Mayor Urges Linking Income, Rent Control
Thursday, February 16, 2006
Mayor Anthony A. Williams yesterday called for changes to the city's rent control law that would for the first time consider the income of prospective tenants seeking to lease rent-controlled apartments.
Williams (D) said "means testing'' would ensure that the below-market rate rentals would go to those most in need. The proposal, which needs the D.C. Council's approval, would apply only to new renters and require that tenants' incomes be certified so they pay no more than 30 percent of their income in rent.
Williams said rent control is a "limited, precious benefit and ought to be distributed equitably." Williams said tinkering with rent control is so politically charged that if he were running for a third term, "I probably wouldn't be saying this."
The city's rent control law covers about 100,000 apartments. There are 140,000 private apartments in the District, according to a city landlord association. The city's rent-control law applies to buildings that have five or more units and were built before 1975.
The council is considering the most extensive changes to the rent-control law in two decades. Council proposals would cap yearly rent increases, change the way vacant rent-controlled apartments are priced and make it easier to form tenant associations and to receive information on how rents are computed.
Williams has asked that his proposal for means testing be considered when the council's consumer and regulatory affairs committee meets tomorrow to decide whether to send the rent-control bills to the full council for a vote.
Council member Jim Graham (D-Ward 1), the chief author of the rent-control bills and chairman of the committee, said revisions are needed to help preserve affordable housing in the city. He cited a study by the D.C. Fiscal Policy Institute estimating that 15,000 units renting for $500 to $1,000 a month went off the market between 2000 and 2004.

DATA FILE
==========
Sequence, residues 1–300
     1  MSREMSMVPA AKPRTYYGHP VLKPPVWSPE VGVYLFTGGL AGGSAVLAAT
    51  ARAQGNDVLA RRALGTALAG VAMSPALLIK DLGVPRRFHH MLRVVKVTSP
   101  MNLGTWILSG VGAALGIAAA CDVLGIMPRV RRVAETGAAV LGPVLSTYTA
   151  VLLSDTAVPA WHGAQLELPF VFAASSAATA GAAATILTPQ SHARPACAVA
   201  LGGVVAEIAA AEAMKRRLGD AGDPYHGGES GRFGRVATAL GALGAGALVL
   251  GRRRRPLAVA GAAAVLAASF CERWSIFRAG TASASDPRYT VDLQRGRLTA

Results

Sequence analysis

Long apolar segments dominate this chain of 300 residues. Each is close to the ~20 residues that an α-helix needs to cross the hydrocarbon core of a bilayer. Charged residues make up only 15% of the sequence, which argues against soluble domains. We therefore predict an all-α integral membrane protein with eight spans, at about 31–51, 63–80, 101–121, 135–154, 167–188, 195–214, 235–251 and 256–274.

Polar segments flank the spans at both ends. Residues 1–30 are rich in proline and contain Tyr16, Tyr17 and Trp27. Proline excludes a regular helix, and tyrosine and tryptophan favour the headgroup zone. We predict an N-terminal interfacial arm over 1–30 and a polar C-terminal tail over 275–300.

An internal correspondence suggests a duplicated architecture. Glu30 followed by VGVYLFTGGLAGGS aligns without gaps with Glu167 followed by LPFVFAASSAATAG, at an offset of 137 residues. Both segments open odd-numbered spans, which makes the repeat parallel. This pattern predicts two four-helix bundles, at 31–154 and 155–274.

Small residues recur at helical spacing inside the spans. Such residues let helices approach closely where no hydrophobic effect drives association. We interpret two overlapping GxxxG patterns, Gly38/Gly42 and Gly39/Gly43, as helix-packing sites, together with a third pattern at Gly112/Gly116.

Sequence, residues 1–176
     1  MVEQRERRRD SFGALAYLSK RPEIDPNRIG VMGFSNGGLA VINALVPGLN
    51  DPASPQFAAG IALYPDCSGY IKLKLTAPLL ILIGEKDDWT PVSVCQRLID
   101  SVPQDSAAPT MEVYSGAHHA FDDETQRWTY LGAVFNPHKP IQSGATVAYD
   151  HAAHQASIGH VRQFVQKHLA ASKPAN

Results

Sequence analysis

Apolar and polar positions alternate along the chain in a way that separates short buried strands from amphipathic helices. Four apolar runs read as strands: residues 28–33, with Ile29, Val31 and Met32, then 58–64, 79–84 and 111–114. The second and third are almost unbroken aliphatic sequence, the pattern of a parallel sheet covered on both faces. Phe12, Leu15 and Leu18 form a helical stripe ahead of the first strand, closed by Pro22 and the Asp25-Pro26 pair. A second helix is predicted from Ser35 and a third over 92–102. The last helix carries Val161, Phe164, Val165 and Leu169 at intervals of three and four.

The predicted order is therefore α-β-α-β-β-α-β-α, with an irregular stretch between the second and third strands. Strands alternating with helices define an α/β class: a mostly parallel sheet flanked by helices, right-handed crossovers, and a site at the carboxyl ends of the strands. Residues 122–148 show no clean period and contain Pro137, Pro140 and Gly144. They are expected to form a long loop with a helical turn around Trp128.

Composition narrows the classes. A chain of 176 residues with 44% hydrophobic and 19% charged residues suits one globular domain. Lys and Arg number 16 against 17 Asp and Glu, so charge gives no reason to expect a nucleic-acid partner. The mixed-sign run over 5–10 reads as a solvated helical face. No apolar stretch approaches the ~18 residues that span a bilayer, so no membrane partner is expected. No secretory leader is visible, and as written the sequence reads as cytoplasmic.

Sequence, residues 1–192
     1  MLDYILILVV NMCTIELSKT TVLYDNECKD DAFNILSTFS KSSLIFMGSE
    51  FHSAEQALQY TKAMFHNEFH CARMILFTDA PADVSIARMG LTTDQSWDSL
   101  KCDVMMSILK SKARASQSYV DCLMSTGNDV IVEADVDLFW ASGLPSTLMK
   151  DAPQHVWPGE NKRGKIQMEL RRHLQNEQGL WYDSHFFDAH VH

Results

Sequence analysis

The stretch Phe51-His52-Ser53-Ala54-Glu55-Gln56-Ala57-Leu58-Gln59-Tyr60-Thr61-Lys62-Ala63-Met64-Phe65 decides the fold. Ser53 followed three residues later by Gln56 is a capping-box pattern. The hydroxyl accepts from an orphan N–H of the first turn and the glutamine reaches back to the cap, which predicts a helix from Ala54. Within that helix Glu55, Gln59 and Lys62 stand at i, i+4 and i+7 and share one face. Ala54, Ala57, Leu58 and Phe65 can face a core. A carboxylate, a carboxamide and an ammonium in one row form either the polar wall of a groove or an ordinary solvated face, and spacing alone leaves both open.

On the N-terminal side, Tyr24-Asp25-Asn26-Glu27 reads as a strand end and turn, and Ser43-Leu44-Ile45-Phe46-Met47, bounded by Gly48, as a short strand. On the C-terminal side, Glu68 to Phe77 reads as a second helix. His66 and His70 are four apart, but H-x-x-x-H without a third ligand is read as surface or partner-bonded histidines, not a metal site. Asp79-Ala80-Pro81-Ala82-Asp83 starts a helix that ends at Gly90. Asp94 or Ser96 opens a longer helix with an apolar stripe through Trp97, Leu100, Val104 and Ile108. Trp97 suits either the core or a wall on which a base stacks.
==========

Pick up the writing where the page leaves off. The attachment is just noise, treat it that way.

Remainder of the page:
Graham said that the committee will consider the mayor's proposals but that he doubts the means test would do what Williams says it would.
"In many cases," Graham said, the mayor's plan to eliminate rent ceilings "would mean higher rents for occupied apartments.''
Critics of the current law say rent ceilings, the maximum landlords can charge by law, are sometimes much higher than market rent and have, in essence, removed thousands of apartments from rent control. Because the ceilings are often higher than the market rent, the law effectively provides no protection for some tenants.
One of Graham's proposals would eliminate a provision in the law that ties rent increases on newly vacant apartments to a complex formula based on tenant turnover. Graham said building owners have used the vacancy adjustment rule to "turn affordable buildings into luxury apartments.''
Graham's bill also would limit increases on occupied apartments to 8 percent a year -- 4 percent for seniors and people with disabilities -- as long as the increases would not exceed the rent ceilings.
On newly vacant apartments, the bill would generally limit any rent increase to 30 percent of the previous rent.
Apartment building owners say the ability to charge market rents for newly vacant apartments has allowed them to renovate and improve their buildings and preserve low rents for existing tenants.
Shaun Pharr, a spokesman for the Apartment and Office Building Association of Metropolitan Washington, said yesterday that the organization supports the mayor's proposal for its simplicity and fairness.
"It's just much better balanced,'' he said. Under Graham's plan, "it would be years before you could recover what you invest in order to re-rent the unit.''